Though sports rarely capture my attention for more than a fleeting moment, something happened this year during the Olympics that got me hooked. Almost every day I would find myself checking the medal counts, and reading about the myriad events, many of which I’d never heard of. The fact that it was streamed live on the internet was a huge factor in my short obsession. I watched some of NBC’s coverage, but their America-centric programing left out so many things. On the web, I got to see almost every event, some quite bizarre.
The strangest for me was sprint cycling. I’m still not sure of the rules. I don’t quite understand why they lazily meander around the track, watching each other like a couple on a romantic bike ride, before bursting into the sprint the sport’s name promises.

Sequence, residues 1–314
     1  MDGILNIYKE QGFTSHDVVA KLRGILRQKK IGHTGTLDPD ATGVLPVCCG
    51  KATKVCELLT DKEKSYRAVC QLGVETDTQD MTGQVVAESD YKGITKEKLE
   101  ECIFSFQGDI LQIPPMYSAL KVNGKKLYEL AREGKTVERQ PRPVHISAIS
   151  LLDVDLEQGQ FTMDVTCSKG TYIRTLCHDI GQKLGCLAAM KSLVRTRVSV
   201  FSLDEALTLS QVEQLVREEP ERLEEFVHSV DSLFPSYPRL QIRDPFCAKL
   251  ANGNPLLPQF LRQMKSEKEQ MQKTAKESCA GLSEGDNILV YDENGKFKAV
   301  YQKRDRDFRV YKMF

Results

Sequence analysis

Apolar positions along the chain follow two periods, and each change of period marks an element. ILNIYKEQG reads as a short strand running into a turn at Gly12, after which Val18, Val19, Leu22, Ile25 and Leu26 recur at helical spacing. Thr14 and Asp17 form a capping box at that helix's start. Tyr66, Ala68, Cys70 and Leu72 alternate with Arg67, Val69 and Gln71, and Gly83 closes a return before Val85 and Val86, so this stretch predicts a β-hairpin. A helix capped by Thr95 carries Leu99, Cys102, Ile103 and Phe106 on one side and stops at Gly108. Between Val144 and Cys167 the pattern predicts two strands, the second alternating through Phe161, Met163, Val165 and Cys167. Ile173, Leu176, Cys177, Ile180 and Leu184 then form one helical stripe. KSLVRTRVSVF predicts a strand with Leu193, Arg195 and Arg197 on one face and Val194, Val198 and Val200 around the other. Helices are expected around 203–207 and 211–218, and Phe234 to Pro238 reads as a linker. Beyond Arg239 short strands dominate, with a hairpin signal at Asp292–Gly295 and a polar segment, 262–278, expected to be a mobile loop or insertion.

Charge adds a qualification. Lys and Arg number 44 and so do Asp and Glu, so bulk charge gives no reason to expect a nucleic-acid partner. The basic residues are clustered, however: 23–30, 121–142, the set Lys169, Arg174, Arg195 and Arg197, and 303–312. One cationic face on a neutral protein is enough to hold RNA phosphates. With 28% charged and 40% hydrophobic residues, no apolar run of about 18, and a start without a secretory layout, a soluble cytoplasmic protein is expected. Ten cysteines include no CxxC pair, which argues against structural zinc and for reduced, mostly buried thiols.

Of the sports you don’t often see, my favorites were water polo and canoe slalom. Those water polo guys (and ladies) seem like the most fit people ever, treading water while shoving each other and throwing a ball around, whizzing past your face. Gotta be tough. I thought I’d really enjoy fencing. It’s sword fighting! But their tiny weapons were too thin to tell what was going on properly.
Surprisingly, I also enjoyed regular, non-beach volleyball. The bigger teams meant longer, more interesting vollies, and more wowing saves and whatnot. One of the most engaging events I got to see was the US vs Canada women’s soccer semi-final. Entertaining to the end. I watched the men’s basketball final, but the over-enthusiastic officiating made it too disjointed to be as entertaining as it could’ve been.
I tried to entertain my newly found Kenyan pride, but they certainly weren’t impressing, other than David Rudisha’s world record in the 800m. Their only other gold was in the men’s steeplechase, which is the country’s specialty it seems. They did considerably better in Beijing.